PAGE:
Living out here has countless benefits for our family though there is one major hurdle for having something like a flock of birds. Predators. Where we were living before we could let the birds out in the yard all day for them to forage, the only "predator" being a neighborhood cat who stalked them from the top of the fence. Up on our hill though.... the only way we can let them out is if we remain close by and keep our eyes peeled for trouble. There are foxes, raccoons, bobcats, coyotes, rats and raptors. They all would just love to have a nice fresh egg or better yet a plump organically raised chicken for supper! (They probably don't care about the organic bit, but I'm sure these birds would taste nice)This morning we saw a coyote trotting past the coop, she stopped and eyed the birds until I poked my head out the door and belted, "Get out of here!" The coop itself is a chicken fortress, my husband Brian made sure no animals would get in there without our permission, but we still have some animal proofing to do to the chicken run, probably on the sooner side, before one of our sweet silly birds becomes lunch.
That there is Minerva, she's kind of my favorite. Don't tell the others. She is a Cochin. She is gorgeous, with shiny black feathers, that are iridescent and highlighted with green and gold. She also happens to be our most friendly chicken. She tolerates my 2.5 year old Lyra following her around the pen saying , "Oh Minerva, such a beautiful chicken, can I pet you." Every so often Minerva will slow down enough that Lyra pets her. She'll let me pick her up and pet her, she is so soft and oh so sweet. Typical of her breed, Minerva is a brooder. Brooding is what chickens do when they decide it's time to hatch some eggs. They hunker down and sit on the nest. This would be a wonderful trait if only a) we had a rooster and the eggs were fertile b) if we wanted to figure out how to deal with a potentially large amount of male chickens (roosters) coming into the world. A flock can only handle one of them. What do vegetarians do with a bunch of roosters they don't need? I'm not against eating them theoretically. If I was going to bring meat back into my diet, that is about the only way I would do it. Birds that we raised and ideally we slaughtered, full circle. I'm not up for the whole slaughtering bit, neither is my husband... hence we don't have a rooster. Minerva has gone broody probably 12 times in the last 2 years. Seriously!! One time we ordered a dozen fertile eggs for her to sit on and hatch. I guess she didn't do the best job because only 2 eggs hatched and then one chick "disappeared". We think something ate it. Her one surviving offspring was thank goodness a female! She is a Welsummer named Ginny. A super beautiful breed, she is thin and graceful, upright and active. She is also the most skittish chicken we've had! Apparently when chicks are raised by a mama chicken rather than in incubators by people, they tend to be much more wary and squeamish around people. Oh well, she's lovely to watch and lays the most beautiful chocolate brown colored eggs.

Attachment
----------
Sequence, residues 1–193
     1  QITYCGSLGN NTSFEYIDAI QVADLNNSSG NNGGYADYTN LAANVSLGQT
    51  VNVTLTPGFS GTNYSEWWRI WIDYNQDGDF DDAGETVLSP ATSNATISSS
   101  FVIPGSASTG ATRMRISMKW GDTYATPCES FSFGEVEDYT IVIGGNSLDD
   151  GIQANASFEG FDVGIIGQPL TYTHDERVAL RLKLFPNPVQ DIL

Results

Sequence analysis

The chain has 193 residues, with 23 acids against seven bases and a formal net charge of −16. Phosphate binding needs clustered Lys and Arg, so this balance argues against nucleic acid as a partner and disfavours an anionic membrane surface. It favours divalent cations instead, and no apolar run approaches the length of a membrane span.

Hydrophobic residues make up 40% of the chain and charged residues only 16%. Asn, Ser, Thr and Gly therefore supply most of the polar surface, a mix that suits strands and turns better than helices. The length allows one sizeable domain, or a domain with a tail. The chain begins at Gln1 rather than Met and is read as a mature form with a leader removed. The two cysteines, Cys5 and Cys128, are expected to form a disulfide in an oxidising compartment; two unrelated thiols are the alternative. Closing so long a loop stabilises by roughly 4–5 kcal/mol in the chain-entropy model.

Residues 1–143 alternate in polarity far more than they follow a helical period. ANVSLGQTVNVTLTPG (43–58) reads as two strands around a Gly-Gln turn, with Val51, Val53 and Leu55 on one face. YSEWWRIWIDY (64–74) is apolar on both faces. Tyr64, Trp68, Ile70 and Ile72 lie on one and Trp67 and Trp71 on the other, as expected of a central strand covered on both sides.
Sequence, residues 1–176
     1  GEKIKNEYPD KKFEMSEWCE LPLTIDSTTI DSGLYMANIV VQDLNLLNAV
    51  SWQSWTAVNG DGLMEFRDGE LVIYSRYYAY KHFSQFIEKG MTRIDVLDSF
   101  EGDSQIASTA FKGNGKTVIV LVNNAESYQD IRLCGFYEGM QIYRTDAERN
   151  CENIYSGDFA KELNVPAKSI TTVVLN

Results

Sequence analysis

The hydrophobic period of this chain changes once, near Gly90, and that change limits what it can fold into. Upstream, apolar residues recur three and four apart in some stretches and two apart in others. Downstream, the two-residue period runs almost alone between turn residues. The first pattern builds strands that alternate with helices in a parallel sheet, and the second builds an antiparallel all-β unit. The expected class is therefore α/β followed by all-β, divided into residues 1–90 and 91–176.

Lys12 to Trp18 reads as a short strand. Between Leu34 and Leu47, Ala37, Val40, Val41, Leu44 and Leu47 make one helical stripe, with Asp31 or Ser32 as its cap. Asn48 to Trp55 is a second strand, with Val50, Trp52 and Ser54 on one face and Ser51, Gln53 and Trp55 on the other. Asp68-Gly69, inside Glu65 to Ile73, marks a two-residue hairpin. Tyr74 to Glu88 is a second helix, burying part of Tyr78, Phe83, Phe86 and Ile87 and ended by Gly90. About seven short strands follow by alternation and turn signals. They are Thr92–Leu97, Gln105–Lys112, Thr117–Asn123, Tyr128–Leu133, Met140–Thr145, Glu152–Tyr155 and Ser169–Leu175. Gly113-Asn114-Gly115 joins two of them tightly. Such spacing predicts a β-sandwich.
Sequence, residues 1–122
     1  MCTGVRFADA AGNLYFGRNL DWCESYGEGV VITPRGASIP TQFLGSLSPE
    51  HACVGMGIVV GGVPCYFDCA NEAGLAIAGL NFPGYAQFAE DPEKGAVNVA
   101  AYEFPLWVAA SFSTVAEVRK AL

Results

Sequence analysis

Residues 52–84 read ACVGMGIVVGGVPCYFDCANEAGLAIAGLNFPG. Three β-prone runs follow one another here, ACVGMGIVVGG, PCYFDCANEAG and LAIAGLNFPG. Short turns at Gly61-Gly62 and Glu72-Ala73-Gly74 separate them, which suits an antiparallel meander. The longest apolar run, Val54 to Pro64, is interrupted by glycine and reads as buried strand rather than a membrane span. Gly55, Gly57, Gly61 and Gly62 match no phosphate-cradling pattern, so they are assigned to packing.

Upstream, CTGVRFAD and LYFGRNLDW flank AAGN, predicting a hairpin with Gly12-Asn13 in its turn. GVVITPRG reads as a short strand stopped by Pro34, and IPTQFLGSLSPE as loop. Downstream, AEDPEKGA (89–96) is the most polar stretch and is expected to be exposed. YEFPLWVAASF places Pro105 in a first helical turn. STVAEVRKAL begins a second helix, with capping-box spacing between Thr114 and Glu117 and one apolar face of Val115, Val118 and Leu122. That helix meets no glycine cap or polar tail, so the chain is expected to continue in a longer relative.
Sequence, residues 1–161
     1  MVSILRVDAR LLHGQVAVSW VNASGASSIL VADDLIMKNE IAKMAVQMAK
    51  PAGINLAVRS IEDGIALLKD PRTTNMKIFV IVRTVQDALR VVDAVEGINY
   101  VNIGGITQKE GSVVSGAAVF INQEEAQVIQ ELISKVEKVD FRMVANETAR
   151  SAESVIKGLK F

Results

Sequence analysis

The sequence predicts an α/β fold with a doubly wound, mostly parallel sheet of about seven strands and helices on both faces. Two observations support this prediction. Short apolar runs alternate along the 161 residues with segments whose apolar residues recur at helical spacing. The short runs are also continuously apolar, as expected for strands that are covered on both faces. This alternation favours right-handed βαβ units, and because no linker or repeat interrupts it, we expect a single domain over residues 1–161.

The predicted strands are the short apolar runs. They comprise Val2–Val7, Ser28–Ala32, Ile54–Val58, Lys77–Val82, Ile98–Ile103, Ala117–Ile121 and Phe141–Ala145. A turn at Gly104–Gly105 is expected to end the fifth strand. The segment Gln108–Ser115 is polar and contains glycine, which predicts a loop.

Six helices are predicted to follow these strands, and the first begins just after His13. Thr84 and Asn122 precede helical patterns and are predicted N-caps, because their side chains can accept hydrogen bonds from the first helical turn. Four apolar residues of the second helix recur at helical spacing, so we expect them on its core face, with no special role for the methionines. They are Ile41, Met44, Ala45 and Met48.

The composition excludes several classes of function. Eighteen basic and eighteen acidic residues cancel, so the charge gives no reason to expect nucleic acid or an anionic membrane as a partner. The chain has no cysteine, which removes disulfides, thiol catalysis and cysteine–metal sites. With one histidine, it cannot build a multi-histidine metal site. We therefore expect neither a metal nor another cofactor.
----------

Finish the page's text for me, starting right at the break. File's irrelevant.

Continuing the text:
Perhaps I have found my calling with these birds. I could watch them, take photos of them, and write about them all day, alas.... my real children need my attention too, so until next time.... enjoy those frittatas!